Monday, June 26, 2017

The Weird Free Market Religion of the Conservatives: Three Recent Examples.

The free market religion of many conservative politicians bears little resemblance to what markets mean in economics.  I wasn't aware of that until I became obsessed with politics.  But now there are days when I read conservative market-focused opinions which make my eyes try to look in opposite directions. 

Take three recent examples:

First, the nightmarish fire at the Grenfell Tower in London was made more devastating by inadequate fire safety.  The New York Times:

The fire that destroyed a London apartment building, killing at least 79 people, provides a grim warning about the dangers of a regulatory approach President Trump has made official policy in Washington.
One of the safety failures under investigation in the fire is the lack of sprinklers in the 24-story Grenfell Tower. High-rises built in England since 2007 must have sprinklers, but older ones, like Grenfell Tower, built in 1974, do not have to be retrofitted with them.
And why don't they have to be retrofitted?  The answer has to do with the Demon of Regulations.  If you are a believer in the Free-Market God, you also believe in demanding that two or three old regulations must be abolished for every new one that is created.  Here's the UK take on that:

Speaking in February 2014 during Fire Sprinkler Week, some of the members of the British House of Commons were all for sprinklers, but not for regulations to require them.
“We believe that it is the responsibility of the fire industry, rather than the government, to market fire sprinkler systems effectively and to encourage their wider installation,” Brandon Lewis, who would later become housing minister for the Conservative government, said after praising the one-in, two-out formula then in use.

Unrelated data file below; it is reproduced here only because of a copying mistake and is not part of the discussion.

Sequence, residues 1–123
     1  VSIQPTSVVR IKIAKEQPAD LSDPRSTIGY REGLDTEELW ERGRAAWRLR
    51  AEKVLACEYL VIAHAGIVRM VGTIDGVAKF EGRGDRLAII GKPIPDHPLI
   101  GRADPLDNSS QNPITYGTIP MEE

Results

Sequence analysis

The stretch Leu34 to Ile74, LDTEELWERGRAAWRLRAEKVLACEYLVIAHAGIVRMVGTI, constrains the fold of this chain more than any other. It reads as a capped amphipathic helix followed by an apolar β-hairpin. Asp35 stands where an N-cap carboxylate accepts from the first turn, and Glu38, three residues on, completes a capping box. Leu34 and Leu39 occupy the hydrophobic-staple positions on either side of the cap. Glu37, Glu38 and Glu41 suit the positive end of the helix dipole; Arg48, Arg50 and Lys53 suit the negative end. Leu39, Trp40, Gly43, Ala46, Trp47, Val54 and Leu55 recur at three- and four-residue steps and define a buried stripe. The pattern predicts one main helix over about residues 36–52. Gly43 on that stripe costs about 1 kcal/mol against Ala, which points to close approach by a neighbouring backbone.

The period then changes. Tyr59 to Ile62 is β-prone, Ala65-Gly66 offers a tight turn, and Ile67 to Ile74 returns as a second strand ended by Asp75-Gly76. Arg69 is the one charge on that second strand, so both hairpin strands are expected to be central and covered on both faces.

Butbutbut:  The customer in this particular case would have been the local government, because Grenfell Tower was council housing, that is public housing operated by the local council!  (This is why my eyes attempt to look at opposite directions while reading.)

Is the government supposed to act like a reluctantly-persuadable consumer in such markets, expecting the suppliers to talk it into buying sprinkler systems?   And if so, how do we model the fact that the people who are going to be housed in that building are not the people in the government who make those choices?  The incentives the latter have are very different from those the former would have.

Second,  the most recent health care proposal by the US Republican Senators seems to assume that markets are run the way an imaginary Santa Claus runs the Christmas presents industry:  If you work hard enough, you get good insurance for yourself and your family from your employer.   Here's Mike Pence, or Dear Vice President, with that market-based message:

So.  There's little need for Medicaid, the program which pays for health care for certain groups of the poor and for the majority of the elderly in long-term nursing home care, because it's interpreted as largely used by gormless and lazy able-bodied adults, who could buy their own health care coverage if they only bothered getting a job and showing some personal responsibility!

The truth is quite a bit different:

In reality, those who benefit from this $545-billion-a-year program are not so easily typecast. More than 70 million Americans, or 1 in 5, use this government program. And they come from all walks of life—including people you know.
It could be your grandmother—one-quarter of Medicaid enrollees are elderly people or disabled adults.